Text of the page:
Democracy is not dead. The events of the last four years in the United States of America is proof, if any were needed, that democracy shall survive and thrive. A section of naysayers may even have a point or two to prove the fallacies of democracy. One them is that even the system with the longest tradition of democracy, checks and balances could be rocked to its very core as events at Capitol Hill on January 6 showed.
Home of democracy
The very home of democracy has been left battered to its very foundations by a band of entitled men and women who believe democracy is exclusive, colour-coded and for a select minority.
From our Gangilonga Rocks vantage point, we could not help but marvel at the misguidedness of our later-day nationalists who exist in Africa’s young 60-year-old nations, which brings me to elections held in Tanzania on October 28, 2020 and in Uganda on January 14, 2021.
If the holding of elections every five years, or, as in America’s case, every four years, is evidence of democracy working, then democracy in Tanzania and Uganda is working very well indeed. Unfortunately, and as we have also seen in Guinea, Nigeria, Kenya, Rwanda, Burundi, South Sudan and elsewhere on the continent, the holding of elections, is, in itself, not an exemplification of democracy.
In this part of the world, those who find themselves in political office by whatever means become the wielders of power, wisdom and resources, while, inevitably, those who for whatever reason find themselves off the eating table become the pet peeves of those in power.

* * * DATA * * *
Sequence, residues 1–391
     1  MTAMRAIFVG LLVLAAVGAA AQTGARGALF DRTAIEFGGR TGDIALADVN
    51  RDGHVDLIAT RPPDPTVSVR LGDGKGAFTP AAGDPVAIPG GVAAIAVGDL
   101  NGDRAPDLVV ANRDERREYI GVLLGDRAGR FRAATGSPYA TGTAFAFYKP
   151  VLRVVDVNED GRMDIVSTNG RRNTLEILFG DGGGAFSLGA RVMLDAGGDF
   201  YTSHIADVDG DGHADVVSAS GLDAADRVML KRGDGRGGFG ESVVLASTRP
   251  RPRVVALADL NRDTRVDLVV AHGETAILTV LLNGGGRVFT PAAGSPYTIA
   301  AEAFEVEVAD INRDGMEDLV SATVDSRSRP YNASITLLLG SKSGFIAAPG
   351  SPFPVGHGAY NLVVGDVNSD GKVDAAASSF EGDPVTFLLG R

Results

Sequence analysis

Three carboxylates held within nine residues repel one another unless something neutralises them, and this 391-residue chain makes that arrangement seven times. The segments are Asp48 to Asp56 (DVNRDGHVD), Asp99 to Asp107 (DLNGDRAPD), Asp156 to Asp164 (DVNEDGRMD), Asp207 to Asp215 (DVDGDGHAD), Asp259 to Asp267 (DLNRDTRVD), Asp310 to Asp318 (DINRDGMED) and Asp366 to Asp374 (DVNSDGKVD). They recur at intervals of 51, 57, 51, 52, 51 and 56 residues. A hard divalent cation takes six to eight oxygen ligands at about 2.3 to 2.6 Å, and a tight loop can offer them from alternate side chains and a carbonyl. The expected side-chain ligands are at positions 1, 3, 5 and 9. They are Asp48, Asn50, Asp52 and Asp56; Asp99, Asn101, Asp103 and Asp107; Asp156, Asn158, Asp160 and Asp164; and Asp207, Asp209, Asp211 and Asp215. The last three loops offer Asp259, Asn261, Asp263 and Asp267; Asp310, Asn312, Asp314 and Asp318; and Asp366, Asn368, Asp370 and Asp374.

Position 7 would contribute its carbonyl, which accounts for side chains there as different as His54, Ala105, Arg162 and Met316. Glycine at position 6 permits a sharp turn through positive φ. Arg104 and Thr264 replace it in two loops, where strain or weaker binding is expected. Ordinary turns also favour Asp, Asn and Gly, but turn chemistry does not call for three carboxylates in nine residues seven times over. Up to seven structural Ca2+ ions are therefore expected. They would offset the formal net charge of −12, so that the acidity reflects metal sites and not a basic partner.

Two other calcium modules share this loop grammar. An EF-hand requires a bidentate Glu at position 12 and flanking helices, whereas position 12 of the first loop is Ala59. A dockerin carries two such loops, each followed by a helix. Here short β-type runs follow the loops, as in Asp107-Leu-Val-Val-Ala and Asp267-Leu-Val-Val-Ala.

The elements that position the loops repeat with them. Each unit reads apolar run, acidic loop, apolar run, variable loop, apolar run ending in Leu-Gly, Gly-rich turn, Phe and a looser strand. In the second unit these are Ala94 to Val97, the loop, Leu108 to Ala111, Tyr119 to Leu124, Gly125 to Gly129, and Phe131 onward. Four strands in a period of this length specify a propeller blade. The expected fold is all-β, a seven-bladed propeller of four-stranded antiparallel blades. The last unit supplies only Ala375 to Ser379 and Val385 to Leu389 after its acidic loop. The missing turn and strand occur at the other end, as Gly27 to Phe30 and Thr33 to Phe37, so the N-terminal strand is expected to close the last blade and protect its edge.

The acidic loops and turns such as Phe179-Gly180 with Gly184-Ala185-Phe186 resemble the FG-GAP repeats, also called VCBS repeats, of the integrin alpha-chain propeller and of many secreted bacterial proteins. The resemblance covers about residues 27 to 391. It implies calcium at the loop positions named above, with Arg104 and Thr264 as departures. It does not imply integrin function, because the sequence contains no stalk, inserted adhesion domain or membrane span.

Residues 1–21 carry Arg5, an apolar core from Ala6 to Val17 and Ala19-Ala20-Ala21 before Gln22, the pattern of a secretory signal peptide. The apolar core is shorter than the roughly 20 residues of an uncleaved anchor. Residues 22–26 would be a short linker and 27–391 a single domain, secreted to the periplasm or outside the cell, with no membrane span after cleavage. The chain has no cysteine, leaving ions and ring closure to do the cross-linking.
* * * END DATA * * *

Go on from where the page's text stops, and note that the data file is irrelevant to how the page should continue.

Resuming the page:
To complement and complete the jigsaw puzzle, those who hold political power have millions of “loyalty miles” followers. These loyalists believe that the strong-arm tactics of their all-knowing leaders are the salt of democracy.
Did democracy die at Capitol Hill on January 6? The millions of followers with a democracy death wish would say “yes”, just like the 75 million Americans who voted for Donald Trump. In their tunnel vision, democracy died just because rogue elements briefly took over the citadel of democracy in the US.
In their view, peace is exemplified by the absence of conflict. That Tanzania has had no post-election violence can easily be taken to mean that democracy is at its best.
This lot forgets, for example, that in Uganda elections were being held at gun-point with electoral officials and everyone else reminded not too subtly that might is right in the Pearl of Africa.
They forget that when authorities shut down the Internet access under the guise of dealing with security threats, they are engaging in acts of disruption of freedom of information and that without access to information democracy is undermined.
A “democracy” that arbitrarily arrests journalists and ensures very limited enjoyment of freedom of expression is, to all intents and purposes, the antecedent of democracy.
We now believe that since the January 6 incident the United States of America has lost its holier-than-thou aura, which made it pontificate about democratic ideals. We think it makes us similar and equal even in the chaos that is associated with democracy.
It makes those of us who are trigger happy to justify how we have hounded those with whom we have political differences and opinions. It makes us quick to defend the use of “justifiable means”, also known as force by security forces to quell those who raise their expendable heads.
Former US President Donald Trump exhibited the kind of strongman mentality that is prevalent in Africa by not accepting that he lost an election, and encouraging his supporters to freely go on the rampage at the seat of American democracy. Needless to say, reaction around the world was a mixture of horror and glee.
Good governance is not a preserve of the United States of America, and those of us using January 6 to justify atrocities we unleash at our citizenry are way off the mark.
Folks, the hallmarks of democracy are alive and well.